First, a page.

PhotoMath app…is it a good thing or a bad thing?

This week, connected educators have been all over social media talking about a relatively new app to hit the scene – PhotoMath.  This is an app, which you can download for free from the App Store or Windows Store, which uses your device’s camera to scan – AND THEN SOLVE – Math problems.  Yes, it actually solves the problems.  Not only that, but then you can click on the “Steps” button, and it shows you step-by-step how the problem was solved!

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When I first read about this app, I was thinking about Math problems like 7+4 or 18 – 9.  As you can see from the picture above, however, this app knows algebra!  Here are the mathematical features that the app currently claims to be able to solve:

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For all of those students who have teachers who mandate, “Show your work!”, this is a dream come true.  Seriously!  The student point-of-view on this is going to be pretty consistent – this is awesome technology!

For educators, though, there is much debate and a lot of mixed feelings about PhotoMath.  I’ve been following the tweets and several blog posts, and many educators fear the implications of an app like this.  They say that if an app can solve problems for students, they’ll “cheat” and just use the app rather than learn the valuable problem solving skills themselves. This camp of educators feels that there is tremendous value and even a critical need for students to practice the logical steps involved in Math calculations.  They call for stricter rules about BYOD use, and fear that unsupervised students will exclusively use this for homework.

Teachers on the other side of this debate claim that it’s a great tool.  They say that if technology is available that makes it possible to skip lengthy processes, why not use it?  Their subsequent thought is that skipping all of the problem solving by relying on the PhotoMath app will give students an opportunity to use those results in higher-level, deeper thinking, real world problems…more time for PBL stuff and ‘taking it to the next level’.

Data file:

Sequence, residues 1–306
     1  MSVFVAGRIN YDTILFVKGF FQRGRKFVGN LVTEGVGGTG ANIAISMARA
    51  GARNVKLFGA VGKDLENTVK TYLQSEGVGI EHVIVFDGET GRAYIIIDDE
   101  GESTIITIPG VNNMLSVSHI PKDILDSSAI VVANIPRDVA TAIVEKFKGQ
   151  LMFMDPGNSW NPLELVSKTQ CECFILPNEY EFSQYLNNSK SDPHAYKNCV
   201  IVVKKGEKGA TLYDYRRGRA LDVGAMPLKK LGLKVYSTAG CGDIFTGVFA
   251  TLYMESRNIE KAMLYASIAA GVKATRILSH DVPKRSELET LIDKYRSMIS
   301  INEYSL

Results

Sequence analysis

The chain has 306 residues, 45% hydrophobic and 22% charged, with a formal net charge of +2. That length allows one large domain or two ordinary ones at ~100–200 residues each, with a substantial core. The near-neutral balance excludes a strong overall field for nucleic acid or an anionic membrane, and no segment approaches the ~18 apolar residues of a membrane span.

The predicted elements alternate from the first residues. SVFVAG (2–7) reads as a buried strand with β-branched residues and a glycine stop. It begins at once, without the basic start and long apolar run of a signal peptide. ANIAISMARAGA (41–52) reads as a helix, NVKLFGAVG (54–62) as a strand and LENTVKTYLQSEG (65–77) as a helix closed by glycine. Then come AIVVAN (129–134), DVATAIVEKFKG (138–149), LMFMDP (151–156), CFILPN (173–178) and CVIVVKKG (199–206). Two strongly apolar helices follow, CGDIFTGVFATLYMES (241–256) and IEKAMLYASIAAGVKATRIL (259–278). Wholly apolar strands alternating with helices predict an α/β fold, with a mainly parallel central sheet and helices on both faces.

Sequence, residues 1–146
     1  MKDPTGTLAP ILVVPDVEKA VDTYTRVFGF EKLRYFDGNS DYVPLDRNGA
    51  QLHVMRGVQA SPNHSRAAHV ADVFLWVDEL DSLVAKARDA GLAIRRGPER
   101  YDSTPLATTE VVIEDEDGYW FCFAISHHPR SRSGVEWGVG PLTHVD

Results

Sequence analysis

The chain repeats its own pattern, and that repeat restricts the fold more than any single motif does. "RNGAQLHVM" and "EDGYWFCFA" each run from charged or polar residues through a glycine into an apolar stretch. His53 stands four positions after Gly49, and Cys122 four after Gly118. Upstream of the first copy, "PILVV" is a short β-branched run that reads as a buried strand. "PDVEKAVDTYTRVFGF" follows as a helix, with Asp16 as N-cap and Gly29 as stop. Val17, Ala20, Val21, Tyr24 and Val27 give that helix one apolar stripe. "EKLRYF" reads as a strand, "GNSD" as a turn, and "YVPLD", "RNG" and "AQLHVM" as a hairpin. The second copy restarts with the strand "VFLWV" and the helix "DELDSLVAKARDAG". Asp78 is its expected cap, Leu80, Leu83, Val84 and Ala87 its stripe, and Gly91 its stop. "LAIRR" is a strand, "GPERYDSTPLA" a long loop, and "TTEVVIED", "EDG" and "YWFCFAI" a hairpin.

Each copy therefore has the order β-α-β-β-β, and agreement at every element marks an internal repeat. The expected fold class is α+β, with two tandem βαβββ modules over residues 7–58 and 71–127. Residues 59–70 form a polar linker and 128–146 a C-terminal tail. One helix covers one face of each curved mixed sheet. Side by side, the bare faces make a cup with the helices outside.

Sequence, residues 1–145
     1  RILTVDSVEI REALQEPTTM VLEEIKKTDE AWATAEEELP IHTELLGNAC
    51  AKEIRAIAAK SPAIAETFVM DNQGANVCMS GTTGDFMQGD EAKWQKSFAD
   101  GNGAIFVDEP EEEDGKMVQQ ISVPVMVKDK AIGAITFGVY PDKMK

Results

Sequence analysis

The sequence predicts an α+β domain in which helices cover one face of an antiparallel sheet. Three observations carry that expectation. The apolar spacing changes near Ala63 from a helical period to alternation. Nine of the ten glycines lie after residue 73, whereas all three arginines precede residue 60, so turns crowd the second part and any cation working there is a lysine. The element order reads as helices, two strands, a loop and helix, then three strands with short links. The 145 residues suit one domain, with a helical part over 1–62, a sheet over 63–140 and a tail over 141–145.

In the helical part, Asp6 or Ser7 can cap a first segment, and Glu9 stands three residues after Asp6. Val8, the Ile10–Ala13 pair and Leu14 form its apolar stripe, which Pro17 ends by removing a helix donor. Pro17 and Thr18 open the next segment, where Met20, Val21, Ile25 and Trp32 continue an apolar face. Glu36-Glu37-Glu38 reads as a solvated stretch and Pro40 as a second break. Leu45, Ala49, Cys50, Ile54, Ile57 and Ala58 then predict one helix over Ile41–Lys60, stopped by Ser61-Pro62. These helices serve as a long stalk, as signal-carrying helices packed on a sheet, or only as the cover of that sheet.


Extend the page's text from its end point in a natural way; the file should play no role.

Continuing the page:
As for me, I’m torn.  I understand both sides.  As a primary school educator, I just can’t get past feeling the necessity of students learning their basic Math facts.  I want students to be able to know how to do multiplication and long division.  I guess that’s an old-fashioned value from someone who’s supposedly a forward-thinking tech geek like me.  On the other hand, however, I tried the PhotoMath on some of my son’s high school Algebra problems – and it worked – and I gasped with delight!  Both he and I were able to look through the steps of the problems and see how they were solved.

A couple of educators I follow on Twitter had interesting ideas and thoughts.  One teacher was planning on having his students solve the problems manually and then again with the PhotoMath app, to be followed by an analysis of the accuracy of the app and how closely the steps modeled their own steps.  (Some reviews on the app’s website claim that the answers aren’t always right.)  Another clever teacher was going to use it as a point-of-view writing exercise:  choose whether the PhotoMath app is a good thing or a bad thing and defend your answer.  I guess that writing teacher wouldn’t be too pleased with me.  I take both sides.

Below is a video that shows how PhotoMath works.  Check it out, decide for yourself, and let me know your thoughts.  You can reply at my blog at kerszi.wordpress.com, @kerszi on Twitter, or on Facebook as My Primary Techspiration.

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